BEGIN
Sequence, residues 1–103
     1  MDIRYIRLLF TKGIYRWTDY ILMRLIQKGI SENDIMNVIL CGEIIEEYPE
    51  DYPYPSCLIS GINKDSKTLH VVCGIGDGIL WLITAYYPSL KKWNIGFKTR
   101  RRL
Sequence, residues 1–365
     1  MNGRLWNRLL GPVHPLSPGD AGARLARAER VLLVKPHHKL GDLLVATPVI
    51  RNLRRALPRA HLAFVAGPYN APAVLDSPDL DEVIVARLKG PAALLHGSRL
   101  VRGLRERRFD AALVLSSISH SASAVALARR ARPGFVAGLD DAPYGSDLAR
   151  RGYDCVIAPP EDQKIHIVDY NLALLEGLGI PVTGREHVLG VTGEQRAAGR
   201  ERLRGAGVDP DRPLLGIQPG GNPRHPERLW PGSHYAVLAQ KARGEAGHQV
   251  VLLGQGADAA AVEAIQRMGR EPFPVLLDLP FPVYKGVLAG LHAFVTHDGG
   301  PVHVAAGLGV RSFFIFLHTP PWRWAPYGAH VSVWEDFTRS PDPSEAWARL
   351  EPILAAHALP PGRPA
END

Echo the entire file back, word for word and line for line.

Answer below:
Sequence, residues 1–103
     1  MDIRYIRLLF TKGIYRWTDY ILMRLIQKGI SENDIMNVIL CGEIIEEYPE
    51  DYPYPSCLIS GINKDSKTLH VVCGIGDGIL WLITAYYPSL KKWNIGFKTR
   101  RRL
Sequence, residues 1–365
     1  MNGRLWNRLL GPVHPLSPGD AGARLARAER VLLVKPHHKL GDLLVATPVI
    51  RNLRRALPRA HLAFVAGPYN APAVLDSPDL DEVIVARLKG PAALLHGSRL
   101  VRGLRERRFD AALVLSSISH SASAVALARR ARPGFVAGLD DAPYGSDLAR
   151  RGYDCVIAPP EDQKIHIVDY NLALLEGLGI PVTGREHVLG VTGEQRAAGR
   201  ERLRGAGVDP DRPLLGIQPG GNPRHPERLW PGSHYAVLAQ KARGEAGHQV
   251  VLLGQGADAA AVEAIQRMGR EPFPVLLDLP FPVYKGVLAG LHAFVTHDGG
   301  PVHVAAGLGV RSFFIFLHTP PWRWAPYGAH VSVWEDFTRS PDPSEAWARL
   351  EPILAAHALP PGRPA